All together now
The “latest” travel trend, apparently, is renting a villa to holiday with family and friends. This is hardly new and was known as “house party tourism” a decade ago, but reinvention is everything in the hospitality industry.
That word villa does have a romantic ring, suggesting you could be at Lake Como with, say, George Clooney, eating olives and slurping Italian reds, when you are actually on the Mornington Peninsula with Uncle George, a barbie and a beer.
I can further reveal that the process of renting a holiday place to share is now known as “togethering”.
It took me a while to stop shuddering at yet another liberty with the English language and now I can’t un-see that word, any more than I can deal with the Myer Christmas “Giftorium”, where you probably can’t buy a villa but there’s sure to be a Lego dwelling, its pine trees in symmetrical green skirts and a perfectly proportioned little family sharing the lawn-mowing and the washing-up. This is an idealised world in miniature, of course, but the holiday house getaway is also a rose-coloured concept.
Inevitably, there is envy over which couple gets the best bedroom (first in, best dressed, I reckon). This will be the “master” with ensuite, views from a lovely terrace, and space for his-and-hers yoga mats and not the tuckedaway chamber with bunks and a door that is close enough to open without getting out of bed.
Then there’s the matter of who is appointed “villa mayor” (yes, it is a “thing”) to decide such matters as cooking and barbecuing rosters and shopping duties. You can save money this way, and it is fun to all muck in and catch up; in places such as Bali there will be butlers and even on-site cooks.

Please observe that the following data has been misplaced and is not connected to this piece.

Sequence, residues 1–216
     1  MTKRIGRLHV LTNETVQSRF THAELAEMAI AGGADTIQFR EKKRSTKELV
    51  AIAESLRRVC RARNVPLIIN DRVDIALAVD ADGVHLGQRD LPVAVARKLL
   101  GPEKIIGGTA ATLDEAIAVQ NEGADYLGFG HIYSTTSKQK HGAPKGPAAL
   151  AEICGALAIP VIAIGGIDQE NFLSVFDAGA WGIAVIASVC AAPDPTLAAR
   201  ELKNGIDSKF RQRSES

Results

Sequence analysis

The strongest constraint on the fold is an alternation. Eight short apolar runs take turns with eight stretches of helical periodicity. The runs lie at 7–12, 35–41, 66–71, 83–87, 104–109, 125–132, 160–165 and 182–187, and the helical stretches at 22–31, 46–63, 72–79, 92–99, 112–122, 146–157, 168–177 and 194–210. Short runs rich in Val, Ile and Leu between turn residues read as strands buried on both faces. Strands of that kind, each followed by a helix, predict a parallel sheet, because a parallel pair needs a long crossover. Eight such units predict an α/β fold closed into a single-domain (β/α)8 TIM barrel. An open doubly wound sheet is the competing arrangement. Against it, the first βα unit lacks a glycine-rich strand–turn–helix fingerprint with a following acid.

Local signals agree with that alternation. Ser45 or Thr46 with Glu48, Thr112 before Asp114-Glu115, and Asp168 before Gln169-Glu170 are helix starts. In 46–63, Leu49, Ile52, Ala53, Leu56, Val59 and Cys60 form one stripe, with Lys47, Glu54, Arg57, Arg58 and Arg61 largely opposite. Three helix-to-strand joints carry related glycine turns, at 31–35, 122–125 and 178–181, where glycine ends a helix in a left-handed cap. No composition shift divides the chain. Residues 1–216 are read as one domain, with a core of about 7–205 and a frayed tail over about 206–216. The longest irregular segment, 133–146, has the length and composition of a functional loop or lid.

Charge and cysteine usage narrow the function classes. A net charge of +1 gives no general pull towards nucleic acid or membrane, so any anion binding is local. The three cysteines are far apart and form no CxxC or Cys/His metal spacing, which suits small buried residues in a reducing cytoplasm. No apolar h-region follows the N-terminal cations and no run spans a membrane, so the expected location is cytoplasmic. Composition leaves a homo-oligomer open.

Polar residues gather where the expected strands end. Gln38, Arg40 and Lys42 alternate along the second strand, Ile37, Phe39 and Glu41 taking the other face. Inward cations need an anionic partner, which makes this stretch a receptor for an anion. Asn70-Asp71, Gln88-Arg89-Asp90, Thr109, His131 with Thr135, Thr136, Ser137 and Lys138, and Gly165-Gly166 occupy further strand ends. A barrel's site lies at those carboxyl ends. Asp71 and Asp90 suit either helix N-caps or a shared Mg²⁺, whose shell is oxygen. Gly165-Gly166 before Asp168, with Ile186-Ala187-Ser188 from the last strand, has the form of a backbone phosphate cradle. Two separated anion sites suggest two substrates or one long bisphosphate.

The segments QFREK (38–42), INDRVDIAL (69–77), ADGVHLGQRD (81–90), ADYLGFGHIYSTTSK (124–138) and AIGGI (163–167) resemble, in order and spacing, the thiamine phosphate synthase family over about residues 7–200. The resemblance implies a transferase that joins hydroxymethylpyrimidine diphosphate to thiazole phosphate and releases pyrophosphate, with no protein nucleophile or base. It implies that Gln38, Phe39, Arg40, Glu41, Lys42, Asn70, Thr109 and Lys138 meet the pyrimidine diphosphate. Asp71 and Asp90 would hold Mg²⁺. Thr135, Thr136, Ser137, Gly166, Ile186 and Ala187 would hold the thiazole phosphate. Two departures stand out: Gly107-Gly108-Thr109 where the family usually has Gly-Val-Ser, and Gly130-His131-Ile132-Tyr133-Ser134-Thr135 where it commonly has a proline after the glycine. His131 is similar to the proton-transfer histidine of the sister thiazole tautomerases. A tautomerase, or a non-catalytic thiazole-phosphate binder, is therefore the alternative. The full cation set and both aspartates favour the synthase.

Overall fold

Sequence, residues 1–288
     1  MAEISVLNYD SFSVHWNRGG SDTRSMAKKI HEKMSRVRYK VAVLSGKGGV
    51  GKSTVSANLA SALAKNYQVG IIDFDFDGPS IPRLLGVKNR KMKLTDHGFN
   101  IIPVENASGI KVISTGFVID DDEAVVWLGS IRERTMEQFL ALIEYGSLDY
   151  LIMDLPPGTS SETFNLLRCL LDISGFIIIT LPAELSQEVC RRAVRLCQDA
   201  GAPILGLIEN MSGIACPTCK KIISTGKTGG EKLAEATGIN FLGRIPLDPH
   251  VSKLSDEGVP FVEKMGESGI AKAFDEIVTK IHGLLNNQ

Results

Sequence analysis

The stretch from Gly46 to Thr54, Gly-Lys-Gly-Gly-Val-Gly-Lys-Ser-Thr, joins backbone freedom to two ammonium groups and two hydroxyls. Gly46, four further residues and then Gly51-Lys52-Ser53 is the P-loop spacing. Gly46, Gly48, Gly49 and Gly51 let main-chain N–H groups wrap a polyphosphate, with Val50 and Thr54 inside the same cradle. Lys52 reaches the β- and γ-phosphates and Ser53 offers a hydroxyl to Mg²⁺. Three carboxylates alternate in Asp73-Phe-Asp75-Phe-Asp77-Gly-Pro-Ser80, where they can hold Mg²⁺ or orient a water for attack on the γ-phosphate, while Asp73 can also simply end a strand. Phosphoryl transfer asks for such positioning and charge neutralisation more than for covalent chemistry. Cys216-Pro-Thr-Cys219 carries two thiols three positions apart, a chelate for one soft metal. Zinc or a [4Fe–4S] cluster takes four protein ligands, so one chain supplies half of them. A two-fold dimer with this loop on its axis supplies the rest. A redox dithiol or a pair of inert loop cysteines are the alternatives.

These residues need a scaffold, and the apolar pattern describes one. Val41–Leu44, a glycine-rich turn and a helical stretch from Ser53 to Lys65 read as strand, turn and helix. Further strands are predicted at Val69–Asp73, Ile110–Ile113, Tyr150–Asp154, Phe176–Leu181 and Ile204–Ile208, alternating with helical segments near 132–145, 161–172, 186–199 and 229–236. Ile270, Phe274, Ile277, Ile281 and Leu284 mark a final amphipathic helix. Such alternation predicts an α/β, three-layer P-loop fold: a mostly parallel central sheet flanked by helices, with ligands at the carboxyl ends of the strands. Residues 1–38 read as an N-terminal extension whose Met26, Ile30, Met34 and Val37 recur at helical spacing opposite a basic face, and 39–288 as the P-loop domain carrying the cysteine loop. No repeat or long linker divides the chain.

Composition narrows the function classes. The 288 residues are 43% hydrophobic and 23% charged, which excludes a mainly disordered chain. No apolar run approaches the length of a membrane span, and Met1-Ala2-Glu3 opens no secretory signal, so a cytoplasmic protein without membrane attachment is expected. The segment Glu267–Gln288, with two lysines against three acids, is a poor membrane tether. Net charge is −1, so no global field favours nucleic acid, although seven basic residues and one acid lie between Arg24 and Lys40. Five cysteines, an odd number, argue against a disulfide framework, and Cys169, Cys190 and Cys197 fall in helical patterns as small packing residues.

But the protocols are a minefield and no one tells you that in the fine print.
As an example, a generous friend rented a villa in southern Thailand about this time last year. It was a 10bedroom mansion and he invited everyone he could think of to stay, anticipating only a small number would pay the airfare and get time off work.
But before you could say “Make that bed!” the villa was booked out and not by his dearest friends but the B List (his words) of those who, like long-lost aunts and uncles you feel obliged to ask to a wedding, he didn’t really want to see from one Christmas turkey coma to the next.
The other new phrase doing the tourism rounds is OOHlies. It’s a take on schoolies; the acronym stands for Off Our Hands. The idea is being pioneered by recently reopened Vomo Island in Fiji’s Mamanuca group, which has beach and hillside villas and packages for couples.
The idea is to send your school-leavers to a nearby island while you, perhaps with a group of fellow parents, have a break on Vomo and then meet up as a family at holiday’s end. It’s the ultimate in sleepover kids’ clubs and might be all very nice for the parents, but pity those couples on other islands when the schoolies arrive en masse. OOH no.